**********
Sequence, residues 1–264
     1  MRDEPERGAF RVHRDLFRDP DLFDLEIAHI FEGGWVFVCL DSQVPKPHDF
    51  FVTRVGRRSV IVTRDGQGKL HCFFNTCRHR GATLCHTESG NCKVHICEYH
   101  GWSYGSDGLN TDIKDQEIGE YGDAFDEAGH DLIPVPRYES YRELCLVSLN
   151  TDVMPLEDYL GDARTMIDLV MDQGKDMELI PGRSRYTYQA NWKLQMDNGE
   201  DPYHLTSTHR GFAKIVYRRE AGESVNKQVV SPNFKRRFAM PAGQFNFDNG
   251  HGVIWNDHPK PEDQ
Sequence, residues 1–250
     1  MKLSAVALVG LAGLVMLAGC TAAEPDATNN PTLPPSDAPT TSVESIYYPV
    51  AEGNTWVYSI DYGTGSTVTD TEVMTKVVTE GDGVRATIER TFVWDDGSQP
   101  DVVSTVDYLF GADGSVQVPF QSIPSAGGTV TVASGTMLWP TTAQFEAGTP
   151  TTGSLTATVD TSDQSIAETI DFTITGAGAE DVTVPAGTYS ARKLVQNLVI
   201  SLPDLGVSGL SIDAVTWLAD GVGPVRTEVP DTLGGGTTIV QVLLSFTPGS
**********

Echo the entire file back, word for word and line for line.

Sequence, residues 1–264
     1  MRDEPERGAF RVHRDLFRDP DLFDLEIAHI FEGGWVFVCL DSQVPKPHDF
    51  FVTRVGRRSV IVTRDGQGKL HCFFNTCRHR GATLCHTESG NCKVHICEYH
   101  GWSYGSDGLN TDIKDQEIGE YGDAFDEAGH DLIPVPRYES YRELCLVSLN
   151  TDVMPLEDYL GDARTMIDLV MDQGKDMELI PGRSRYTYQA NWKLQMDNGE
   201  DPYHLTSTHR GFAKIVYRRE AGESVNKQVV SPNFKRRFAM PAGQFNFDNG
   251  HGVIWNDHPK PEDQ
Sequence, residues 1–250
     1  MKLSAVALVG LAGLVMLAGC TAAEPDATNN PTLPPSDAPT TSVESIYYPV
    51  AEGNTWVYSI DYGTGSTVTD TEVMTKVVTE GDGVRATIER TFVWDDGSQP
   101  DVVSTVDYLF GADGSVQVPF QSIPSAGGTV TVASGTMLWP TTAQFEAGTP
   151  TTGSLTATVD TSDQSIAETI DFTITGAGAE DVTVPAGTYS ARKLVQNLVI
   201  SLPDLGVSGL SIDAVTWLAD GVGPVRTEVP DTLGGGTTIV QVLLSFTPGS